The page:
Friday, January 4, 2013

Zompires Ahead

I eased my head over the top of the hill, and saw them: zompires.

Different people might call them other things, but we called them zompires. Unless they were particularly weak and damaged specimens, in which case we called them Vambies.

If you saw them in the early stages of the infection, half-blind and off-balance and uncoordinated, you wouldn't think they were much of a threat - and you'd be right. But as the parasite spread, killing and replacing human flesh like some fungous cancer, they grew faster and stronger and much more stable.

Smarter, too.

Fully developed zompires looked like nothing so much as a black-and-white photo of a skinless corpse, the grain of the muscles and the lines of the veins sketched in lighter and darker grays. Here and there they might be missing a limb, where something had rotted off before being completely assimilated, but that was usually just fingers and toes. It wasn't enough to slow them down or throw them off.

Very little threw them off. They didn't have a circulatory system, like we did; no matter where you cut them, they didn't bleed out. Their organs were redundant and distributed; a shot to the heart or head might stun them, but it wouldn't finish them. Even decapitation didn't always do it. You needed something systemic: intense heat, or extreme cold, or truly massive physical damage. They could starve, but not as easily as human beings could; ditto suffocation.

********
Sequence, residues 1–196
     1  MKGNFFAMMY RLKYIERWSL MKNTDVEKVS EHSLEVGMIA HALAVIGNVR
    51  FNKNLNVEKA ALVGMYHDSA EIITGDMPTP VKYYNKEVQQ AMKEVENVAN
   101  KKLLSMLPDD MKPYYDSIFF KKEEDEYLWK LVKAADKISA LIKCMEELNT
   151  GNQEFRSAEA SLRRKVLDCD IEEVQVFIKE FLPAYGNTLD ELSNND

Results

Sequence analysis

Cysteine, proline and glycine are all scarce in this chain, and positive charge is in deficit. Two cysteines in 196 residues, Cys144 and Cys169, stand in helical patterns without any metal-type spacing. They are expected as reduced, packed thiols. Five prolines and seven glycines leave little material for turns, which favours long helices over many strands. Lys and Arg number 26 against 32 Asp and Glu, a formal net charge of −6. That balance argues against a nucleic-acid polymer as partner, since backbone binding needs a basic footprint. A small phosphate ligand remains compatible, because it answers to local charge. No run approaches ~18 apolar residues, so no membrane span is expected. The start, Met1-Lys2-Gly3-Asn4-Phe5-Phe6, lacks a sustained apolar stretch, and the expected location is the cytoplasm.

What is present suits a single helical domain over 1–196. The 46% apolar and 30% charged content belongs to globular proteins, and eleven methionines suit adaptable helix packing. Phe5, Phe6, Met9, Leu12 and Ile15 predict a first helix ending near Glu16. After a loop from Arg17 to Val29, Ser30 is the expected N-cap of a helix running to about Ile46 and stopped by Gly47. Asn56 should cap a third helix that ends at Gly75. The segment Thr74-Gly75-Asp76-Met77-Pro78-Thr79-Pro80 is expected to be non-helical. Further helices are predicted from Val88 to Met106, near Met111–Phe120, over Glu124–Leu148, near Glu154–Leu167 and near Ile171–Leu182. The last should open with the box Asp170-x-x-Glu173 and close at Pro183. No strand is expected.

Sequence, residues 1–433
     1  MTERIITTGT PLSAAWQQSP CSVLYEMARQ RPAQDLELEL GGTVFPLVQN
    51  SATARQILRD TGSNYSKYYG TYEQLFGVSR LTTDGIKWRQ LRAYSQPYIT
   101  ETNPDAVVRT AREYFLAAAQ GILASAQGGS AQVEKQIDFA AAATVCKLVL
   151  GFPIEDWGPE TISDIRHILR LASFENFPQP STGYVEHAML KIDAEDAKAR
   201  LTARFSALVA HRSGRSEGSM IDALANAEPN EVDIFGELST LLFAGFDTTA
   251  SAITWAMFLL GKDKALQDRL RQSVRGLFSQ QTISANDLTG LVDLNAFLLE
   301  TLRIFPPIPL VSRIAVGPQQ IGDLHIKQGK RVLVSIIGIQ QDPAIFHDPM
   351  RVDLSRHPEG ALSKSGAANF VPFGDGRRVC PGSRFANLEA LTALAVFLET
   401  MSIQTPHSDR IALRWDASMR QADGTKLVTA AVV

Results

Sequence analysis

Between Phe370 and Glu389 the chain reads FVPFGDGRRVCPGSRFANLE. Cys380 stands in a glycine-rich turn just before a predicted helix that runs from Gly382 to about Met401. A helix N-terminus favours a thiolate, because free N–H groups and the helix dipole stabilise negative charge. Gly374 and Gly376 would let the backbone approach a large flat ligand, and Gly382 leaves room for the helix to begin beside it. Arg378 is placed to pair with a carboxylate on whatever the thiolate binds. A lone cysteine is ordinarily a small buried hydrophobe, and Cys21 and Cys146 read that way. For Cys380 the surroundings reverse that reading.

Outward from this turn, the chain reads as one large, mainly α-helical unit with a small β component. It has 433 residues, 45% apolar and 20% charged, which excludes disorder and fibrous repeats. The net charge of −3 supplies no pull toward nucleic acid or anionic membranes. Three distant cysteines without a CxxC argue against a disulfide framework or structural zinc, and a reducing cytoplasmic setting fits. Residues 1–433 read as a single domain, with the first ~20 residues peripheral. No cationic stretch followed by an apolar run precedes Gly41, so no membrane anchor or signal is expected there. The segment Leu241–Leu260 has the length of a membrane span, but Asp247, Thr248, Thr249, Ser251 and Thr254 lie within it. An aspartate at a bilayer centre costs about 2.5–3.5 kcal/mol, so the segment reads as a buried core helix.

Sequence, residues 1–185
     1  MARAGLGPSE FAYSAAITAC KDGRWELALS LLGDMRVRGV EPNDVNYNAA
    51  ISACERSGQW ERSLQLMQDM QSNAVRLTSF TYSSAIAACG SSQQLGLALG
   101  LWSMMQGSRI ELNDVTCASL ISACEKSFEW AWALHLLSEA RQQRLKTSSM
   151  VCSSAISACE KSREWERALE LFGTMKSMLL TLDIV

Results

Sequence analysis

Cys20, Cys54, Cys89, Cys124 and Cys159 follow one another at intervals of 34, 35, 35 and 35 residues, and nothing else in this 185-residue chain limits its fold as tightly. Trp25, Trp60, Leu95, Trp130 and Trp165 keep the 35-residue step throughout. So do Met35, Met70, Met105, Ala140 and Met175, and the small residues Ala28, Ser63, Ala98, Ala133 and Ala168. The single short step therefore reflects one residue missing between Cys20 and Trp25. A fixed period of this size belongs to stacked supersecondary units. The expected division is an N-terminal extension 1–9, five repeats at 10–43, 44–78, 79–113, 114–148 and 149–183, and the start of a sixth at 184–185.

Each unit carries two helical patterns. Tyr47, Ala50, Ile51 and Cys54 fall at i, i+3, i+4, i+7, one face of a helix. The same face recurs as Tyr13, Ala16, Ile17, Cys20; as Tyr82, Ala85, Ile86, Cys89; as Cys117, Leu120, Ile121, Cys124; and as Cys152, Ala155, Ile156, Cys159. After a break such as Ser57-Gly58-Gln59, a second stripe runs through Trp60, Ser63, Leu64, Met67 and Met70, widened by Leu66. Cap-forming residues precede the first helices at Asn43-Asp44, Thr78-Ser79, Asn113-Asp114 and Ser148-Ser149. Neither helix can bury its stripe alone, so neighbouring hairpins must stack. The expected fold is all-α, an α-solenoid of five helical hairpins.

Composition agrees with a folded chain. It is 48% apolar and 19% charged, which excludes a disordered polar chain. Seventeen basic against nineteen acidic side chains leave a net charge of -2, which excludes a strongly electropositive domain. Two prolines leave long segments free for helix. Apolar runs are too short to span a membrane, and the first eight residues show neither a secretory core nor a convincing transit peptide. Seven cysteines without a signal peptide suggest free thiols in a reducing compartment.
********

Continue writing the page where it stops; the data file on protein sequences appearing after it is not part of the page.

This wasn't a large group; maybe a dozen specimens, but they were all fully developed. That meant that they would react intelligently to whatever we did. It also meant that they had access to their full range of senses, which we didn't completely understand. We knew they could spot us up to about three hundred yards out, but we weren't sure how they did it; and we knew they had some other way of finding people, since they drifted towards us - or anyone else - across much longer distances than that.

Ordinarily, we dealt with zompires from as far away as possible, using rifles. With blood-addicted bandits sniffing our tails, we couldn't afford to make that much noise. And the ground ahead was pretty open; if we tried to circle them, we were pretty much committing ourselves to running. Maybe we'd make it, or maybe we'd end up cornered and overrun; no way to tell in advance.

I eased back down, and went to rejoin the others. "Drive through them," I said. "If we don't find shelter, we're done."

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